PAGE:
Subject Re: [IBO] IB_Events
Author Helen Borrie
At 05:09 AM 25/11/2004 +0000, you wrote:

>Hello newsgroup:
>I am trying to figure out how to use IB_Events. I am trying to alert
>all users to log off as a backup was scheduled in 10 min. The plan
>is to trigger an SP on the server that posts an event that the
>IB_Event component in client machine recognizes, which then triggers
>a windows ShowMessage dialog box. At present, this is as far as I
>can go, as the use of the event system is not entirely clear to
>me...any help or pointers to other resources would be helpful.

You probably have just about all of it already. :-))

The event system is really very simple in what it actually does. If you
call POST_EVENT in a SP, the server sends to the event manager subsystem
(which is just a routine maintaining a table in memory) a message that is
nothing but the name of the event. Any connections that were listening for
that event will get a notification of it.

On the client side, just drop in an IB_Events for each group of events you
want the client to listen for. One IB_Events can listen for up to 16
events. It's quite OK to use one ib_events for each event if you want.

Use the Events property (a TStrings) to list the names of the events you
want to listen for. Match up the names with the names you assign in the
PSQL code. IMO, it's a good idea to match for case, though they're not
meant to be case-sensitive. It just seems tidier for tracing purposes.

Write your response code in the OnEventAlert handler, e.g. your popup
warning, any counts or timings, variables for your message, etc. If you
are going to run the SP multiple times, then the users will get multiple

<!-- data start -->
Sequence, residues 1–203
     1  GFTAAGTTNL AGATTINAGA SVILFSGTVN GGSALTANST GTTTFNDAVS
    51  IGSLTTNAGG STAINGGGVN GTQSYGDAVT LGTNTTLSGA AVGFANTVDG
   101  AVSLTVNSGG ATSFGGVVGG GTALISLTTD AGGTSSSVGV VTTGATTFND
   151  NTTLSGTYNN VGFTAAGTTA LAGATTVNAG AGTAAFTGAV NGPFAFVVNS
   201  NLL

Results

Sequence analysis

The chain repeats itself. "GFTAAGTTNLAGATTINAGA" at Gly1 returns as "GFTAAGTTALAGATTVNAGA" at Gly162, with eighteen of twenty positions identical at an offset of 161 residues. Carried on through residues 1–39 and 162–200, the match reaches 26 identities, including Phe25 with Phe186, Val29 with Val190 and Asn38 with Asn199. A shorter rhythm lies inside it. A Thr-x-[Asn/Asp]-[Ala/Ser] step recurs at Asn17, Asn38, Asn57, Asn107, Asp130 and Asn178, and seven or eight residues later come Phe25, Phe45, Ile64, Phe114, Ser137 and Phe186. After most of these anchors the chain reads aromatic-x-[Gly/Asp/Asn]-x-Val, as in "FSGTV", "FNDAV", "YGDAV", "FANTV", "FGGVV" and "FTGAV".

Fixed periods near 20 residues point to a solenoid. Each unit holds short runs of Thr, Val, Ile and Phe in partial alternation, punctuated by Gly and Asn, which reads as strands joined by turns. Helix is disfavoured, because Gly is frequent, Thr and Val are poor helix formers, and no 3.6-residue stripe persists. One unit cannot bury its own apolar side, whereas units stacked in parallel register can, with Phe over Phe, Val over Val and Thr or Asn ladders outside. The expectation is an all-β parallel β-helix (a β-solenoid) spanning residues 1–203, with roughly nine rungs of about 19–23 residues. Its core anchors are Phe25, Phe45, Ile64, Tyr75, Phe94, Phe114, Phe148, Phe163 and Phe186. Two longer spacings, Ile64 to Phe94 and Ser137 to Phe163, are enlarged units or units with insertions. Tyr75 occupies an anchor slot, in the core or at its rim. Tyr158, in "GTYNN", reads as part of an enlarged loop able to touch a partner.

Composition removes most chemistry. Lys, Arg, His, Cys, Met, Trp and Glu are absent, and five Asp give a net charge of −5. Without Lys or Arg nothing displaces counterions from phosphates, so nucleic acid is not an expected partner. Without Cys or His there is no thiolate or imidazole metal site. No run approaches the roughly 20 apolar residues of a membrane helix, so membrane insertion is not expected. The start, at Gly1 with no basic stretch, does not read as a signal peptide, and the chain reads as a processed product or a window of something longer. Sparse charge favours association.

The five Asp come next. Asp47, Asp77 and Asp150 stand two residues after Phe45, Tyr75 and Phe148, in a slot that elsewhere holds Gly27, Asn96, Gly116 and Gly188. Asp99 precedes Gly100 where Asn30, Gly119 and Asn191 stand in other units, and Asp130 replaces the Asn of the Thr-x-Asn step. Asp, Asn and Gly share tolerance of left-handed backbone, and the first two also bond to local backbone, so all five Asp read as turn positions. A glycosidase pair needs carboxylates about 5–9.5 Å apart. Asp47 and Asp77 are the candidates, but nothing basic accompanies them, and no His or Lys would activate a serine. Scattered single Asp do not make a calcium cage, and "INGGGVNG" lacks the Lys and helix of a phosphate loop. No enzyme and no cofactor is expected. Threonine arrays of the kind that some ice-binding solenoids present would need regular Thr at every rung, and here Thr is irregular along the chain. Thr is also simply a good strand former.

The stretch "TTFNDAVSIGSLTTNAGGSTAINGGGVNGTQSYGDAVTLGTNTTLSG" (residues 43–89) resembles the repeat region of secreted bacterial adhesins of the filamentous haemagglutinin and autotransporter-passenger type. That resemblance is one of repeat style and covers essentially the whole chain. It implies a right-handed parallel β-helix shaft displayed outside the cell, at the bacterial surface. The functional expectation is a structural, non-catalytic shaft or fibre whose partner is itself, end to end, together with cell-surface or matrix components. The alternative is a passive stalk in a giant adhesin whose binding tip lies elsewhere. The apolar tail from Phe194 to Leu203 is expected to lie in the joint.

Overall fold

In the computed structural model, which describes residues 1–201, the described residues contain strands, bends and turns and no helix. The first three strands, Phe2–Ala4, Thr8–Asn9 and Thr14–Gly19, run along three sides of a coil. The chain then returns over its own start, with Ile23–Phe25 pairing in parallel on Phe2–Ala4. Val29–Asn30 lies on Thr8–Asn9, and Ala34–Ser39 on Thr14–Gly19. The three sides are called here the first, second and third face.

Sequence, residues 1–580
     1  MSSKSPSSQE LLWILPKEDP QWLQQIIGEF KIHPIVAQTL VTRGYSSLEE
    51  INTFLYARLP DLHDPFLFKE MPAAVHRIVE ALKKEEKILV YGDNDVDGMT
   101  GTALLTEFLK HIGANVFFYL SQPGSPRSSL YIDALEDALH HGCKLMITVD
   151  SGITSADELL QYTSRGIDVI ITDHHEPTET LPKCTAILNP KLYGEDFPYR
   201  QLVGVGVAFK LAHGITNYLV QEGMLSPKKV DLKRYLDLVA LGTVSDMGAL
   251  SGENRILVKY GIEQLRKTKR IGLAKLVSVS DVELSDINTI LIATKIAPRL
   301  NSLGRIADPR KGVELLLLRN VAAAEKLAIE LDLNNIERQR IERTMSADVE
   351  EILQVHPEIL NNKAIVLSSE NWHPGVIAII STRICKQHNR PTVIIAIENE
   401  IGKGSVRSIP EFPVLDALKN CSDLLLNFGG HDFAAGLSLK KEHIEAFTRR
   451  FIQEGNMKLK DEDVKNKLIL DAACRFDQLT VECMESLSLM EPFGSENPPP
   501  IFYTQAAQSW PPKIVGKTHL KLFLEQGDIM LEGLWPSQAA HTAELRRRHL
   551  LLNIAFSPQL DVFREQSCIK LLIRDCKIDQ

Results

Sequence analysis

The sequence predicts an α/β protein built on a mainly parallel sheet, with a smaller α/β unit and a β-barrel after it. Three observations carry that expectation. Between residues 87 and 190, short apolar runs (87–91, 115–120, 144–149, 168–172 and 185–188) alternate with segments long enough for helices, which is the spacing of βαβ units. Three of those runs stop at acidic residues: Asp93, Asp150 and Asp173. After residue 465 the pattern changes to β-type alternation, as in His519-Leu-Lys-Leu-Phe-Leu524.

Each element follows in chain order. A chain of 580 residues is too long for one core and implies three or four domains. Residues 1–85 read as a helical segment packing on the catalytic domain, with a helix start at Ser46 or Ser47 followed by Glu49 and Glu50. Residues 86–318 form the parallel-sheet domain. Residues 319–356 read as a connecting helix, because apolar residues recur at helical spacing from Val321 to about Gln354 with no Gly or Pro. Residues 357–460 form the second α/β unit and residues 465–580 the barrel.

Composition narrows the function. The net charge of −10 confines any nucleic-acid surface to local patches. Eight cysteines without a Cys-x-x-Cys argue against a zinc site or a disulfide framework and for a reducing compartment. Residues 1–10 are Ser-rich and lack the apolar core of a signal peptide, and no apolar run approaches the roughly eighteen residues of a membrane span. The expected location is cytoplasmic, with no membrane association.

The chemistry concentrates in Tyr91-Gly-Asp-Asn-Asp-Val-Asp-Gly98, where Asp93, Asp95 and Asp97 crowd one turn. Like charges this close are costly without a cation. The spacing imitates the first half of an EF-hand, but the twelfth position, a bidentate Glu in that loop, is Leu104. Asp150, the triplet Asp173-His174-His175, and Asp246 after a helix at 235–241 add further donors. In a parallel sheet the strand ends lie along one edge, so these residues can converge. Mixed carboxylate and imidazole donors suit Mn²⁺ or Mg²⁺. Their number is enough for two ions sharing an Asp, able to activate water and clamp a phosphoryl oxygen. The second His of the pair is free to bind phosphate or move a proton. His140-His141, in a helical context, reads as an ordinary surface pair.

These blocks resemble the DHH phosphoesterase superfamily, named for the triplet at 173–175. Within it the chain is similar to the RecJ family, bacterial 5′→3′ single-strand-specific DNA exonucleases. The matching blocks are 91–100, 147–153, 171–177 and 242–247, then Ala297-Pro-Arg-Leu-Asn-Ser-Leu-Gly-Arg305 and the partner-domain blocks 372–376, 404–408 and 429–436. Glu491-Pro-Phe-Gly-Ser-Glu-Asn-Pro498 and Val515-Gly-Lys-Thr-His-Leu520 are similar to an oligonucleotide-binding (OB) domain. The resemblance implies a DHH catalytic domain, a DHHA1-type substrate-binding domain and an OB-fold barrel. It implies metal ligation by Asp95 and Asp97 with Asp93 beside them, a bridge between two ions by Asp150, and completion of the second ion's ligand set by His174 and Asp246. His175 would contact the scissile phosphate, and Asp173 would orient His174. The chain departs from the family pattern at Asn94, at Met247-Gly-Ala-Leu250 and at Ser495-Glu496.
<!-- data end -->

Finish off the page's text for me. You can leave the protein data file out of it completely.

alerts. On the client side you can set an interval for how often the alert
flag gets checked, and "nag", with a reducing time limit, or
whatever. Possibly you'll want to set things up so that the user gets the
popup every fifth time, or something like that.

When you want the client to start listening for the Event, call the
ib_Events RegisterEvents method. To switch off listening, call
UnregisterEvents. You can play around with the properties to make the
alerter behave however you want it.

Don't forget that events don't fire on the server until the transaction in
which they occur is committed; and they don't fire at all if the SP fails
or the transaction is rolled back. If you have some kind of daemon on the
server repeatedly running this SP on a schedule, make sure you commit the
SP immediately after it runs. (A tib_dsql in your server-side program, in a
transaction with ServerAutocommit, should be your friend here. Just make
sure that you watch things like overflows and other stuff that can cause
run-time exceptions. :-)).

Oh, and make sure there is a port open in your firewall for the event
traffic. Events move in mysterious ways - they don't use the same port as
the connection, but search at random for a port that is open at both
ends. (In Firebird 1.5 you can earmark a port specifically for this with
the RemoteAuxPort parameter. The default of 0 follows the traditional
random port behaviour).